“Procrastination is the art of keeping up with yesterday.” ~Don Marquis
Have you ever noticed how, when you put something off, it just makes you stress over it more? Procrastination is a great way to create more stress in your life. Even when you think you’re relaxing by doing something later, all you are really doing is adding stress. And mores stress is exactly what you don’t need in your life.
It’s a vicious circle, when you stop and think about it. You feel stressed, so you procrastinate on what needs to be done, and by doing so you feel more stressed. The same is true the other way… If you can break your habit of procrastinating, you can also reduce your stress. It’s still a circle, but a much less vicious one.
Here are three steps you can take to start getting things done and getting rid of stress at the same time.
Step 1. Know your why
They say that knowing is half the battle, so the first thing to do is understand exactly why you procrastinate. We all have our reasons, and your reason for putting things off is no doubt very different from my reason for doing the same thing.
When you feel like procrastinating on a task, ask yourself these questions to find out what is stopping you:
Am I being lazy?
Am I afraid of failing?
Am I afraid of succeeding?
Am I putting this off just to tick someone else off?
All of these reasons for procrastinating can add more tension to an already stressful situation. Knowing why you are doing it can help you get past the need to procrastinate and relieve some of your stress at the same time.
Step 2. Have a plan
Sometimes it’s just plain overwhelm that causes your procrastination. You have so much to do; you just don’t know where to start. When that happens, you can beat procrastination and reduce your stress by having a plan for tackling the project.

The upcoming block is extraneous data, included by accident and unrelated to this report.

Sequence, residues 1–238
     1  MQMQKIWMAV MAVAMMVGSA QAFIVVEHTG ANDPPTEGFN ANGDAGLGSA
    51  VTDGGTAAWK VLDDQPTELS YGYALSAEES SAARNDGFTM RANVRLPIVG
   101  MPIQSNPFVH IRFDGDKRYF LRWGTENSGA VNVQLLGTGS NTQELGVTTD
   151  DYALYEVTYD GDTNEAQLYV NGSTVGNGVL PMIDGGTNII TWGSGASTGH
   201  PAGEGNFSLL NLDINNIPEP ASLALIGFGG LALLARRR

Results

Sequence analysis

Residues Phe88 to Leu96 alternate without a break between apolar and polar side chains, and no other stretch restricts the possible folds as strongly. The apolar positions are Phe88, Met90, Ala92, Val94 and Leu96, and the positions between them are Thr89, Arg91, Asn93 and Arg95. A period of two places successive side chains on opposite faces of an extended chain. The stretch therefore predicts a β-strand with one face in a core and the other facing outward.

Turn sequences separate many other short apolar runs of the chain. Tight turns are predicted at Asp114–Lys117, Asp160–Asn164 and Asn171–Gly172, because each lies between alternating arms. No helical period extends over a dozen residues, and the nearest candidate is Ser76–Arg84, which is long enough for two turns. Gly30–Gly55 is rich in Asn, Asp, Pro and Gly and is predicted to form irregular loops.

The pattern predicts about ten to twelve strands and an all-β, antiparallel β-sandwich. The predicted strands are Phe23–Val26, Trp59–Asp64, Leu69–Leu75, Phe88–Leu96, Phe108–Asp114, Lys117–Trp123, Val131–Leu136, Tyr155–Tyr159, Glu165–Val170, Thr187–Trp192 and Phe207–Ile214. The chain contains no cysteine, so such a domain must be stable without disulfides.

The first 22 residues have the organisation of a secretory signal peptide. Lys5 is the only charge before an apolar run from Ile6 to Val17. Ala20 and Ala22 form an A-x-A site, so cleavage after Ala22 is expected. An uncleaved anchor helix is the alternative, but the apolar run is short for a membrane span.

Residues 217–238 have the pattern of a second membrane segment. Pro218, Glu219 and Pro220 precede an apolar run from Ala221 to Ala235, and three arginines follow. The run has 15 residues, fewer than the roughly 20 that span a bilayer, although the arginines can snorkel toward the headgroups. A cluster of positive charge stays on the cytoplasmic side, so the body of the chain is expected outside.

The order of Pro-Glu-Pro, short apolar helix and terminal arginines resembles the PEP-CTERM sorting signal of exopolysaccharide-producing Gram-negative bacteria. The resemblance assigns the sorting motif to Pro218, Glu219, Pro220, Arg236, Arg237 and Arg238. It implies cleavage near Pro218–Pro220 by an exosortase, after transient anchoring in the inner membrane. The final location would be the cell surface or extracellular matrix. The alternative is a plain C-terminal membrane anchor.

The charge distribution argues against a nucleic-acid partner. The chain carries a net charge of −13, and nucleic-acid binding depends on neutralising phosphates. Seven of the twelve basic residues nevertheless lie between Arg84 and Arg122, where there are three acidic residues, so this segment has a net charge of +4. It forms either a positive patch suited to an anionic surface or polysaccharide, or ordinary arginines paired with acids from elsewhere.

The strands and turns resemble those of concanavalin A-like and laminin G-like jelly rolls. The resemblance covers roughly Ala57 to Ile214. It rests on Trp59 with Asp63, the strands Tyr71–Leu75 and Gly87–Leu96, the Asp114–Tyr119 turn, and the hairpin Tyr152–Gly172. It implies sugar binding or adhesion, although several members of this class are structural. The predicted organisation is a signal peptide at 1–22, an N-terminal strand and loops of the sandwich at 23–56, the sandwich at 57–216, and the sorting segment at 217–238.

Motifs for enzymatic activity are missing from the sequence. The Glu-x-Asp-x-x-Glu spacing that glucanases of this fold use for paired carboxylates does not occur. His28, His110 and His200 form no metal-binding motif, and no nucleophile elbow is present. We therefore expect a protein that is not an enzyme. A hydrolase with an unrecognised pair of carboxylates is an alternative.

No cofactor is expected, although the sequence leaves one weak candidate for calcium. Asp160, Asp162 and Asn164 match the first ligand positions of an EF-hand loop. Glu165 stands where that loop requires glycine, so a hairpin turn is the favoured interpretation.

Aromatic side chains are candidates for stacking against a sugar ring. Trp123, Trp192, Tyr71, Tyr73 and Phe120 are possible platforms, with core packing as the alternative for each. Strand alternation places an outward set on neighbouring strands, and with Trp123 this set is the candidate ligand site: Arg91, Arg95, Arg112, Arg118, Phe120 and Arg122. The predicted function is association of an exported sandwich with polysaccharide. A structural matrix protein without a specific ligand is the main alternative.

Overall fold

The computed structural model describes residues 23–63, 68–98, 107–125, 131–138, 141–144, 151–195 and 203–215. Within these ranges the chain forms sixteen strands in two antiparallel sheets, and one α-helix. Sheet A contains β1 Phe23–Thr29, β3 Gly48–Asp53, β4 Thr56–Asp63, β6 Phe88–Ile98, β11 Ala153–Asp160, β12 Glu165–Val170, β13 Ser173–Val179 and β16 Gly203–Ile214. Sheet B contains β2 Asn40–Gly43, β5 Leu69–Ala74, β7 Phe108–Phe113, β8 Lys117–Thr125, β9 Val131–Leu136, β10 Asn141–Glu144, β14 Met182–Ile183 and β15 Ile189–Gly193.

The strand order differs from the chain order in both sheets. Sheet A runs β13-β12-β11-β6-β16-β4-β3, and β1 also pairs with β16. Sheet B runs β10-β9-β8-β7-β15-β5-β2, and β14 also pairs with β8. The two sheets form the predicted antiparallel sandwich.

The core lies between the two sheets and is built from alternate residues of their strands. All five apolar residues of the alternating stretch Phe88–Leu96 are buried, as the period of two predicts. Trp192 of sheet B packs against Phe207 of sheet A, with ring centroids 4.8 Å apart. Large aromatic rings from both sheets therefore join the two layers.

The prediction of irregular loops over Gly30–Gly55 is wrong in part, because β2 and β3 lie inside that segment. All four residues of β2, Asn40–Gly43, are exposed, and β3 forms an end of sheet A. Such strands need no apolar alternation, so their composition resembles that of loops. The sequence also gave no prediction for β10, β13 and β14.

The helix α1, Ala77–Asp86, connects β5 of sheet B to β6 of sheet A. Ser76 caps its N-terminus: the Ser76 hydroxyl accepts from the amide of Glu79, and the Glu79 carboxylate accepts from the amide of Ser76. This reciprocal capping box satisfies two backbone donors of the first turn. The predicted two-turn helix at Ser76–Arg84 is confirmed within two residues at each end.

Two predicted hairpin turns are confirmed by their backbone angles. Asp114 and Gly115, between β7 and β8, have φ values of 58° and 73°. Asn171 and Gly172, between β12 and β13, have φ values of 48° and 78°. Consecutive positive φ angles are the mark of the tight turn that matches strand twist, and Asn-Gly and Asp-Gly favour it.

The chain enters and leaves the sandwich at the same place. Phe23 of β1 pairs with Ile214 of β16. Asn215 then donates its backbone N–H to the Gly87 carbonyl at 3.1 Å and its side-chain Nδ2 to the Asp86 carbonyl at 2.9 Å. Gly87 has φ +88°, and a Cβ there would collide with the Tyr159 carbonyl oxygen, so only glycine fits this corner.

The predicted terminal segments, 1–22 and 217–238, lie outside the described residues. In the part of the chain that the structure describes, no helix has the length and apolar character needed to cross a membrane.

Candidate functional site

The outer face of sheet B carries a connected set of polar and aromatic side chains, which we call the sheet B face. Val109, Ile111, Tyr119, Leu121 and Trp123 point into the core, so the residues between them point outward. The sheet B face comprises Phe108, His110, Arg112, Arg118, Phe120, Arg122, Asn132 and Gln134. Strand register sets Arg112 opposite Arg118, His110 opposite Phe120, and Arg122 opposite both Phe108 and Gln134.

When you make your plan, write everything down. Break the whole project into small steps and add them to your schedule with deadlines, so that you know exactly how much you have to do and when it has to be done by.
For example, if you have a 30-page report to create, it’s much easier to write two pages a day for 15 days than it is to write the whole 30 pages the night before your deadline. You’ll feel much more at ease about the whole project if you know you are working within your limits each day, rather than scrambling around in a frenzy at the last minute.
Step 3. Take the first step
Have you ever noticed how stressful you can get just before you start a new project? The anticipation, the fear of what’s ahead, and fear of the outcome can all contribute to both procrastination and stress. If you don’t start, you don’t have to deal with all those other fears and emotions. But the stress of standing on the start line can be a killer in its own right.
Just getting started can go a long way toward reducing stress and eliminating procrastination. Once you take that first step, and get into the task, you’ll most likely find that it’s not so bad after all.
Procrastination is something that we all do. It is human nature to be a little stressed out at the beginning of a new project, but that doesn’t mean you should put it off. Put these three steps to work for you, and you will soon be kicking both your procrastination habit and your stress to the sidelines where they belong!